Need More Customers? 7 Very Costly Mistakes You May Be Making with Your Small Business Advertising Budget
Let’s face it–you work WAY too hard on your business to be throwing good money down the drain. And yet I see it nearly every day: small business owners plunking down hard earned cash on misguided attempts to advertise their businesses. What’s more, these costly mistakes tend to fall into one or more of seven distinct categories.
Want to know what those mistakes are, and whether or not you make any of them? Well, here goes:
- Not having an advertising strategy. Sure, it can get real confusing knowing when and where to advertise, and many of the options are so damn expensive. But it pains me to see so many small business owners, who often diligently plan every other aspect of their business, neglect doing the same with their marketing. So they try throwing a little (or a lot) of money here, and some more over there with absolutely no clue as to whether or not they’re getting any return on their marketing investment (more on that below). What a terrible waste of your terribly hard-earned cash.
- Not advertising where your target customers or clients will see it. I personally know of a businessman who spends $500 a month on an ad in a local free weekly newspaper—when less than 10 percent (and I’m being generous) of his customers are 1) local or 2) even know that newspaper exists. In fact, a significant portion of his business comes from out of state. He would probably be better off wagering that six grand at the track. Or spending it on me. Hey, good idea. Think I’ll give that guy a call when I finish this article.
- Not testing the return on investment for your advertising dollars. Have you ever once asked new customers how they heard about you? Or kept any sort of track as to what brought someone to your website (you do have a website, right?)? Then how the heck would you know whether or not you spend your advertising dollars wisely? Any questions as to why I might consider this one of the seven costly mistakes you’re making? And have you ever seen a paragraph made up entirely of questions before? No?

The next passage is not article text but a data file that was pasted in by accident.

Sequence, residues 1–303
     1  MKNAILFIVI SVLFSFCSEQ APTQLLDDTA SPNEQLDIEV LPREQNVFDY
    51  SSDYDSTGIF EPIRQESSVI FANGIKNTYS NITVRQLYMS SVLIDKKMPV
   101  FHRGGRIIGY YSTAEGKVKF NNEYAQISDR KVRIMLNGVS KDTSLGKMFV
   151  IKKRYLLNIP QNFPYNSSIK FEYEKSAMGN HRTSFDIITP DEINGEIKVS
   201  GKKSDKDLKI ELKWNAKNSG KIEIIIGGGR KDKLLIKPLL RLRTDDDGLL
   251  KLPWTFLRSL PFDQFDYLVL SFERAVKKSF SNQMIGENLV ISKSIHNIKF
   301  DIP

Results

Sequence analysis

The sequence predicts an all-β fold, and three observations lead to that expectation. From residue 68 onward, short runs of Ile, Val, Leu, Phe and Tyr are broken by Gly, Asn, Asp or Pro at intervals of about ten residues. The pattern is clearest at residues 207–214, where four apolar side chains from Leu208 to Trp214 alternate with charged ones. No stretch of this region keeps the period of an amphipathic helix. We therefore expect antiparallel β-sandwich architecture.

- Not advertising consistently. This is a direct result of not having a marketing strategy. You get the calls from salespeople trying to get you to advertise here and there, and sometimes you say yes and sometimes you say no, and even when you do say yes you often feel buyer’s remorse almost immediately and never purchase advertising from them again. Doing this makes your business a moving target which, even if you’re not a marketing expert, you must realize is just not a good idea. At least I hope you do.
- Not advertising creatively or memorably. There’s a chain of car dealerships whose owner has made the word “huge” his one word slogan and brand. Sometimes annoyingly so, perhaps, but at the same time very successfully—when people hear the word “huge,” they automatically think about this specific businessman and, subsequently, his dealerships. The same thing can’t be said for probably about 95 percent of small businesses. So why waste money on advertising that no one is going to remember?
- Trying too hard to advertise creatively or memorably. I could probably come up with a dozen examples of this, but once a commercial, a jingle or an ad makes me wince, I do my damnedest to try and forget I ever saw or heard it…which means I am also trying my damnedest to forget the business associated with it…and chances are I’m not the only one. Just something to keep in mind.
- Relying solely on traditional media for your advertising. Do you see people walking around with hefty phone books, TVs or even radios anymore? Then why spend a small fortune advertising with them? In fact, nearly everywhere you look, people are checking their smartphones and tablets for updates. If they never see your business there, what’s going to make them think of you? Besides, think about it—when was the last time you looked up a business in the Yellow Pages. Right, I thought so.
So are you making any of these costly advertising mistakes? Or several of them? Then you need to start treating the marketing aspect of your business with the same care, foresight and attention to detail that you use in running the business itself. Your future success depends on it.